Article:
This paper contributes to research on gay/lesbian experiences, meanings and uses of domestic environments by considering the role of domestic materiality in gay/lesbian identity management. Prior work shows that accumulating and arranging meaningful possessions in domestic space underwrites identity work. Drawing on in-depth interviews with gay/lesbian Australians, I apply this contention to gay/lesbian homemaking practices. In particular, conceptualising identity as fractured, I argue that maintaining domestic materiality reconciles diverse dimensions of multi-faceted selves. Different possessions embody different facets of self – sexuality, familial connections, cultural heritage, spiritual beliefs, inter alia. Juxtaposing these objects at home brings together the diverse fragments of self, materially embedding a holistic sense of self within domestic space. Domestic materiality thus (re)unites various dimensions of fractured selves, reconciling sexual identities with familial, ethnic and spiritual identities, inter alia. This reconciliatory function of material homemaking is a key way in which sexual identities are affirmed in the everyday lives of the gay/lesbian Australians.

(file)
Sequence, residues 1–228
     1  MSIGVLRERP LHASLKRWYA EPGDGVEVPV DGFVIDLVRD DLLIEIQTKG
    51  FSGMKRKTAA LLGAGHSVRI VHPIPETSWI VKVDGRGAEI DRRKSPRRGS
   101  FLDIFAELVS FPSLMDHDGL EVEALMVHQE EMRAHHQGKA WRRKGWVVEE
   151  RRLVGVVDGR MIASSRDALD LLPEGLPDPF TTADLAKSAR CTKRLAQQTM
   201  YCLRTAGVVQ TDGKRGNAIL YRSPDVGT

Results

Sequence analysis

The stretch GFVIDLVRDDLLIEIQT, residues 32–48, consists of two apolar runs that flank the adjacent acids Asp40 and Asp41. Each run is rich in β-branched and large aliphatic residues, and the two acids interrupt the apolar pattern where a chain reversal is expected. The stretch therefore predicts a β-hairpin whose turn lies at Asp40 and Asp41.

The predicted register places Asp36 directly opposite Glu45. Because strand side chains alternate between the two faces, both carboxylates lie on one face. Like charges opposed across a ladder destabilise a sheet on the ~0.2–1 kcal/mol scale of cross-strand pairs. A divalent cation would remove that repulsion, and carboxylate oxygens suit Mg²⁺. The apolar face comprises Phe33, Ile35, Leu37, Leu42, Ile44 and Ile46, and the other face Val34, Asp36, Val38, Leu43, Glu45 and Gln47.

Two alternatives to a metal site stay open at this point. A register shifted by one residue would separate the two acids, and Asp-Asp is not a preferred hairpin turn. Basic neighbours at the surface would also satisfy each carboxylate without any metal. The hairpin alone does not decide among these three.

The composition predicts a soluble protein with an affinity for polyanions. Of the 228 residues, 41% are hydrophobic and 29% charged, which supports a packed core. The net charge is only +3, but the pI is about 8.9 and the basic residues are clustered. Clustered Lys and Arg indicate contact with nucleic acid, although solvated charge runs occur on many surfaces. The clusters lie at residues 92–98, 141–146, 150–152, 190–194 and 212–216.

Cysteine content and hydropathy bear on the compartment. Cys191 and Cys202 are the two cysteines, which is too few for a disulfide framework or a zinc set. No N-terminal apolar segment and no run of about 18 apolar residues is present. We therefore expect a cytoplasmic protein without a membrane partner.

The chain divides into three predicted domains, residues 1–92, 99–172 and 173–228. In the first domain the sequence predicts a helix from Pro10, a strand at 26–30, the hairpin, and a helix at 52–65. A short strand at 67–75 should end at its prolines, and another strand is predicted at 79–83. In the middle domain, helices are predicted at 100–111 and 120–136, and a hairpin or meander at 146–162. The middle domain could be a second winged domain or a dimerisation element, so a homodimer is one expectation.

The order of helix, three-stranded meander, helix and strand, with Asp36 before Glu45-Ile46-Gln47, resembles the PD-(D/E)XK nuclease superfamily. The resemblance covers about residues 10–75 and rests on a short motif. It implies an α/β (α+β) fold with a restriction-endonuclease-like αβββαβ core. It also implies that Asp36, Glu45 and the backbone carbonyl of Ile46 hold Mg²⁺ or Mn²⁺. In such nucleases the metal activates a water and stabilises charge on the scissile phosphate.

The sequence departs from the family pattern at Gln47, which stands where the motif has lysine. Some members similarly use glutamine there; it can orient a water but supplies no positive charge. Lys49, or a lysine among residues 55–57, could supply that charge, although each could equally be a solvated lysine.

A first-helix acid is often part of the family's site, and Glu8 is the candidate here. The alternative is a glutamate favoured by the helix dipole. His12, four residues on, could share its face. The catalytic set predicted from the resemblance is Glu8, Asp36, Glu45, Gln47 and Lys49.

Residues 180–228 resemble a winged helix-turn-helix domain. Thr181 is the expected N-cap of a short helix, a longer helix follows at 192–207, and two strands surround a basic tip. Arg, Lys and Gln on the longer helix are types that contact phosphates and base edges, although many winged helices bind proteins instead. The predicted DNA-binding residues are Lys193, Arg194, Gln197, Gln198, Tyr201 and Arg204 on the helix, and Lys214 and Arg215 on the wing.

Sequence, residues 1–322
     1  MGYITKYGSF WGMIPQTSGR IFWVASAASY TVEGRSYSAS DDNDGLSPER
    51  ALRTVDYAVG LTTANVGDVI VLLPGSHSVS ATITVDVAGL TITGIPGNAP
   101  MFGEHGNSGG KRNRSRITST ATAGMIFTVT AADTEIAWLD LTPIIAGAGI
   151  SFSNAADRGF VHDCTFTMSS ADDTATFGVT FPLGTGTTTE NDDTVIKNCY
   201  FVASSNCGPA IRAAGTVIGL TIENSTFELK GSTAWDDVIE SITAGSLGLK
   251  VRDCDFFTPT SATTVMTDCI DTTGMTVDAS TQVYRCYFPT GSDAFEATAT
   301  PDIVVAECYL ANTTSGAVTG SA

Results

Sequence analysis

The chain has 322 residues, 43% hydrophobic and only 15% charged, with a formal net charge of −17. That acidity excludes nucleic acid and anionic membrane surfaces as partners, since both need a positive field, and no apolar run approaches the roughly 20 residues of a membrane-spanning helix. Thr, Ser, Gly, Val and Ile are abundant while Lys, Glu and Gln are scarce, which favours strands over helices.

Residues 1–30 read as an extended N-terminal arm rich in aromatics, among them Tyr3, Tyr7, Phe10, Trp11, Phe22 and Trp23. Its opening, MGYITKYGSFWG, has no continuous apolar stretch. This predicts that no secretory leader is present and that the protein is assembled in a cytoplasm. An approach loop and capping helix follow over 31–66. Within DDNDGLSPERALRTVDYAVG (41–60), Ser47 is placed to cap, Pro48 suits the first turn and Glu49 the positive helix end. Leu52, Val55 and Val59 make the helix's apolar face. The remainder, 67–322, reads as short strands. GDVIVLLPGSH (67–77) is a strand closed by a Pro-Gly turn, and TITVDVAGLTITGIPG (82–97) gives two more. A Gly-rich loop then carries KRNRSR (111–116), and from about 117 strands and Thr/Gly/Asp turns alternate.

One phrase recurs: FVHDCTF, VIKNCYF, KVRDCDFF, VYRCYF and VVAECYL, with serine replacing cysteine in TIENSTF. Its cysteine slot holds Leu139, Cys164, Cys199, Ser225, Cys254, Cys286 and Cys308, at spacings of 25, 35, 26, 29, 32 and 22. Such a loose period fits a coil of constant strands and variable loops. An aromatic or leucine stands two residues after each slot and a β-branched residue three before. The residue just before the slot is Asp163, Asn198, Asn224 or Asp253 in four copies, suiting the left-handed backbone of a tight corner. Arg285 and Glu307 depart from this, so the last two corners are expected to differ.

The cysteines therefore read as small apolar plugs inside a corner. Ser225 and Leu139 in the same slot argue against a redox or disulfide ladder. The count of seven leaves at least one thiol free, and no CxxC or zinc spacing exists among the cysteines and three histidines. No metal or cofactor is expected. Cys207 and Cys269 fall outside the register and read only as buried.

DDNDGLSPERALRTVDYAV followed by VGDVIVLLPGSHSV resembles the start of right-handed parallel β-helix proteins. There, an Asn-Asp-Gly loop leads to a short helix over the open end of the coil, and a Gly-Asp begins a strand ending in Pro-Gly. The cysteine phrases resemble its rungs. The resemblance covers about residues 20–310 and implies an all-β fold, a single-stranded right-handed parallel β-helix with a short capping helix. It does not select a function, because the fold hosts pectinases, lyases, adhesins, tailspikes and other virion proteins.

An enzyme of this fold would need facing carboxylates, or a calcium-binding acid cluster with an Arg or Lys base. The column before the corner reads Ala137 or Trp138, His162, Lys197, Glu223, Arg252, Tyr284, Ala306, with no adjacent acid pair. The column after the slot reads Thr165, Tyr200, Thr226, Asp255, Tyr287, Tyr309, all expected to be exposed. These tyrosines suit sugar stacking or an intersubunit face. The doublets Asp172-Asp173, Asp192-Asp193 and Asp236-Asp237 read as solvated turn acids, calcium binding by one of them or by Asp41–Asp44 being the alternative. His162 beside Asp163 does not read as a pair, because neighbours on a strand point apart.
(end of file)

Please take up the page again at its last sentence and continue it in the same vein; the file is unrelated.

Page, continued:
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Gorman-Murray, A. W. (2007). Reconciling self: gay men and lesbians using domestic materiality for identity management. In N. Stead & J. Prior (Eds.), Queer Spaces: Centres and Peripheries (pp. 1-7). Sydney: UTS.